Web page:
LinkedIn Tips: 5 Big Mistakes You Must Stop Doing
So you’ve created a profile on LinkedIn.
Then you copied the “About Us” from your website and uploaded your logo. And you think you are ready to start promoting your business on this professional networking site that has over 347 million users.
Not quite. There are a few things you should never do on this professional networking site. LinkedIn clearly states that its mission is to “connect the world’s professionals to allow them to be more productive and successful,”
This means family selfies and cute cat photos are not something you should post here.
You might have got a thousand likes and hundreds of shares on Facebook, but this is the corporate world we are talking about..
Some more LinkedIn facts
Before we get to the mistakes you need to avoid here are some other cool LinkedIn facts.
- 2014 revenue was $2.219 billion
- 94% of recruiters use LinkedIn
- 3.5 million of its users have held internships
The LinkedIn mistakes to avoid
To use LinkedIn to its fullest potential you just cannot afford to make certain mistakes; otherwise you’ll end up injuring your brand reputation really big.
Here are some LinkedIn tips on the mistakes you absolutely shouldn’t make when promoting your business on LinkedIn.
1. Don’t talk only about yourself
While it is true that your purpose of being on LinkedIn is to promote your business, talking only about yourself all the time is a big no-no. These are professionals who come to LinkedIn to do business, to learn, contribute and interact. They want something valuable; and shoving your products down their throat is hardly a good way to interact or create a meaningful professional relationship.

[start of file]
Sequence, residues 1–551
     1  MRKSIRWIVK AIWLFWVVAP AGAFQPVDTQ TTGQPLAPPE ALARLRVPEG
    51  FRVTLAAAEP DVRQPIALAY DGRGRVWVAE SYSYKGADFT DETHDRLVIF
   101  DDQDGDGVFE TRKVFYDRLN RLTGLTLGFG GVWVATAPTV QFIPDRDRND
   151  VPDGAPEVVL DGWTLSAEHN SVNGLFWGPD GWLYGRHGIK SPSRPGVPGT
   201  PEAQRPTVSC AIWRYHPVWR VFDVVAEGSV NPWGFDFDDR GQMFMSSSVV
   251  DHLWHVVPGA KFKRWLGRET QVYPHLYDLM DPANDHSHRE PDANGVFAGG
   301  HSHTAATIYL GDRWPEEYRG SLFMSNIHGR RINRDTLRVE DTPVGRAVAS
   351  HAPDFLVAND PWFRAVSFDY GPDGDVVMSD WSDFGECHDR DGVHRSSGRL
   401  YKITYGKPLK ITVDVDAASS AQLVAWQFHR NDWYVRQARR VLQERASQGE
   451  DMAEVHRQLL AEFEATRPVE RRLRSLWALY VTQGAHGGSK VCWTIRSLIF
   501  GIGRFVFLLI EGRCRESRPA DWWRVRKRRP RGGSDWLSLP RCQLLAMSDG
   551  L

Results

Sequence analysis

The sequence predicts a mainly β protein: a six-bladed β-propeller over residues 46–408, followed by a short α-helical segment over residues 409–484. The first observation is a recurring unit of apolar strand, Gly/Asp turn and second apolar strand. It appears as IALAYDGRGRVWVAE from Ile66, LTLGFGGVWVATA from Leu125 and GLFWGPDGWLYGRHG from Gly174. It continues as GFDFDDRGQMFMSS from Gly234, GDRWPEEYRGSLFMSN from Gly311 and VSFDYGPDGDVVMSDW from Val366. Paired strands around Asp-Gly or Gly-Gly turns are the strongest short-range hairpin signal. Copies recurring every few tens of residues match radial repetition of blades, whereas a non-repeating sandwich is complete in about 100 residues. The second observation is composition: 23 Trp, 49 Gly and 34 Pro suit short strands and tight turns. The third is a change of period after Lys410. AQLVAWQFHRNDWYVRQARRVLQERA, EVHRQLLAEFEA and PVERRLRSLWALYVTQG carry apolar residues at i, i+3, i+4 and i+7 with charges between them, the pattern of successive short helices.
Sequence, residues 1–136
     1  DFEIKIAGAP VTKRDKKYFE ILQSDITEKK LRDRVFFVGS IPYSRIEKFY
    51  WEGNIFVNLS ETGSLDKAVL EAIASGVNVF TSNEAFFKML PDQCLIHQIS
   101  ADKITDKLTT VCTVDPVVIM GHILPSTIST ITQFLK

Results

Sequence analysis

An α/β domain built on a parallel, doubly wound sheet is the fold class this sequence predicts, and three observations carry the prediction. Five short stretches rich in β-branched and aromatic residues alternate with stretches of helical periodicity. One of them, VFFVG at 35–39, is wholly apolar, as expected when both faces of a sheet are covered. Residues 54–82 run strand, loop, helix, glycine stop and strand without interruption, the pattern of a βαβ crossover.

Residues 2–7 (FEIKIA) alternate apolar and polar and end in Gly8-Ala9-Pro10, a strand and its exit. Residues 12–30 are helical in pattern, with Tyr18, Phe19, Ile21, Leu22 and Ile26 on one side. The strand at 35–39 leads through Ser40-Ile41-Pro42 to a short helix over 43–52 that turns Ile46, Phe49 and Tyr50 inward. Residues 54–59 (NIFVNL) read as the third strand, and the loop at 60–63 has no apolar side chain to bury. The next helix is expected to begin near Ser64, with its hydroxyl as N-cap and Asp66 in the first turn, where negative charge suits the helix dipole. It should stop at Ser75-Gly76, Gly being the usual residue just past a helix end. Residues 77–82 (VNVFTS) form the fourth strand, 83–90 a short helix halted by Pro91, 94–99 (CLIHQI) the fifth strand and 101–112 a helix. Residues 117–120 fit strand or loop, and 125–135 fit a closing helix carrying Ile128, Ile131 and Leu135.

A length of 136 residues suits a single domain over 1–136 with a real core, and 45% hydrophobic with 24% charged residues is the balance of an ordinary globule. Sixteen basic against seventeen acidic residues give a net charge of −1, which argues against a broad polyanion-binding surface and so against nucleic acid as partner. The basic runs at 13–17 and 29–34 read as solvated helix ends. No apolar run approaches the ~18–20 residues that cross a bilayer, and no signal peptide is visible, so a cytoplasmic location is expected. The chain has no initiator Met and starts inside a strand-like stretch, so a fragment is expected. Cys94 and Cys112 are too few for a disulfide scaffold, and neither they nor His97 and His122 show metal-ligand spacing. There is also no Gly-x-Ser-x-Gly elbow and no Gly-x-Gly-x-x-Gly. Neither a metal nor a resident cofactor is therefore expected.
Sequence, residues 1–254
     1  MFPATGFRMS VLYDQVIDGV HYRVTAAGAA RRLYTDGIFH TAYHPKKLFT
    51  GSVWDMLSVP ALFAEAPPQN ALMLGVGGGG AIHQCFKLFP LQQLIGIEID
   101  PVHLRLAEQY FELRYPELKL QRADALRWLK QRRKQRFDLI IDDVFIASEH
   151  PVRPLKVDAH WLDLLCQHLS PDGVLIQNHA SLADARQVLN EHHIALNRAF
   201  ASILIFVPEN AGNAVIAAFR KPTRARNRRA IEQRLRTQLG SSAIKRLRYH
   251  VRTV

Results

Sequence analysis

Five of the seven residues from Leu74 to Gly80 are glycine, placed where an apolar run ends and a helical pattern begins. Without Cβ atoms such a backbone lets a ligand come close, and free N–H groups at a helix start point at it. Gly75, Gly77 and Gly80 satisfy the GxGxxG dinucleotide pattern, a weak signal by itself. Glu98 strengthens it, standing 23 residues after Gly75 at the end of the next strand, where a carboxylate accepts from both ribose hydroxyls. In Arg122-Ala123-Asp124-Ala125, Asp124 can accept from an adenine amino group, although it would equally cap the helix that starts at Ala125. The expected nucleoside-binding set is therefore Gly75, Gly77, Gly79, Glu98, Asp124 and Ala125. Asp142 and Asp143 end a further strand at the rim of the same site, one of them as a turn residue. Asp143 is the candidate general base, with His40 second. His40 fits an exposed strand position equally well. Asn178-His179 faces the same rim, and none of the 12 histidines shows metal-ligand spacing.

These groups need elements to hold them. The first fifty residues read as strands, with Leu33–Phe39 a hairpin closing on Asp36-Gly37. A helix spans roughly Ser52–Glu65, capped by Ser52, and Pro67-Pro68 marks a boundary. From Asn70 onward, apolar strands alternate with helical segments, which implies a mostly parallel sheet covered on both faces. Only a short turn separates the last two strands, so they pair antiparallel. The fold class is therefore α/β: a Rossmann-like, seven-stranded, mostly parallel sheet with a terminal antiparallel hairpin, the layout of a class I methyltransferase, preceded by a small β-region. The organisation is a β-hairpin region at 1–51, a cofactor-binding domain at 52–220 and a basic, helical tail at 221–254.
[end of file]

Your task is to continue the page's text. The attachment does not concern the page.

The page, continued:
By all means, do talk about your new stock delivery, big sales or recent projects to show off your strength and success but it should not be the only thing you do. This way you will only bore your connections and turn them off.
LinkedIn Groups, for example, initially showed a lot of potential but today they are mostly filled with people blatantly promoting their products or brand without adding any value for fellow professionals. A much better way of leveraging this feature is to ask questions or share tips on relevant groups with other like-minded individuals.
2. Don’t make your company page look like your resume
Many entrepreneurs make this mistake while creating their Company Page on LinkedIn. In the description part they mostly write their personal history, achievements and recognitions. If you too are doing this, stop immediately.
To create a rocking LinkedIn Company Page you need to speak about the ways your business can help your potential customers. Also, the description should be focused on your unique selling proposition; tell them “why should a business hire you/or your company over anyone else” in the very first place.
Following are a few points to remember when creating your company page:
- Write a compelling summary and use relevant keywords so that people can find your LinkedIn Company Page via organic search
- Add products and services along with links to purchase them. Also, list your most important product first.
- Use an eye-catching cover image of 646 x 200 pixels
- Add a standard logo of 60 x 60 pixels
- Add jobs and careers information.
- Ask your customers for reviews on LinkedIn.
- Make sure your employees connect with your page.
If your business has several verticals, consider writing your description according to the specific requirements of those verticals. And while you are at it, create a unique LinkedIn URL for your Company Page.